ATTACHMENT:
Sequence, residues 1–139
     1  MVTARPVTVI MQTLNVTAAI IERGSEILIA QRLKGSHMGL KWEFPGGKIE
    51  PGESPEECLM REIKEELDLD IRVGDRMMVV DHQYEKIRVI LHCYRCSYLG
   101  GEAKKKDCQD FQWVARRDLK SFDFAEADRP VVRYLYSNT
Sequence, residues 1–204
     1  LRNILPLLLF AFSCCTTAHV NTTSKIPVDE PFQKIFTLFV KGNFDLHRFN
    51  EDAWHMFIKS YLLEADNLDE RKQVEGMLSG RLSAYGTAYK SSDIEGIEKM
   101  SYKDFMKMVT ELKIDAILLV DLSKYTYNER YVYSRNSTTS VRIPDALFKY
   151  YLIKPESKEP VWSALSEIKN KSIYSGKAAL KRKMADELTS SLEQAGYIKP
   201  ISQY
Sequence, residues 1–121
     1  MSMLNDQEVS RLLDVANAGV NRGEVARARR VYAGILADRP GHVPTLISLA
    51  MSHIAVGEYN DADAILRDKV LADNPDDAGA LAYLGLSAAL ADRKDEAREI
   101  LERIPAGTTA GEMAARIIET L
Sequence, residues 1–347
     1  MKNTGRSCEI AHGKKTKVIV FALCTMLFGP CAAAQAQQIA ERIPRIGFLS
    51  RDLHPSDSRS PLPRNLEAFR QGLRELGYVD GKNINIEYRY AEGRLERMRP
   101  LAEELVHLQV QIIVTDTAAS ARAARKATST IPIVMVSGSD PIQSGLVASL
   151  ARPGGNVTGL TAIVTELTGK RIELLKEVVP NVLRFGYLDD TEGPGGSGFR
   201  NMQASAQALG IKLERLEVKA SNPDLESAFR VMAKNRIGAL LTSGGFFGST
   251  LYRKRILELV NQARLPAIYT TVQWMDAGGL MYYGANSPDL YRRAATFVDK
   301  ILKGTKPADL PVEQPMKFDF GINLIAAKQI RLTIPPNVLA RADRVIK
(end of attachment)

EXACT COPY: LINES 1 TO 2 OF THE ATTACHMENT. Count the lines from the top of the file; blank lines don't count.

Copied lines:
Sequence, residues 1–139
     1  MVTARPVTVI MQTLNVTAAI IERGSEILIA QRLKGSHMGL KWEFPGGKIE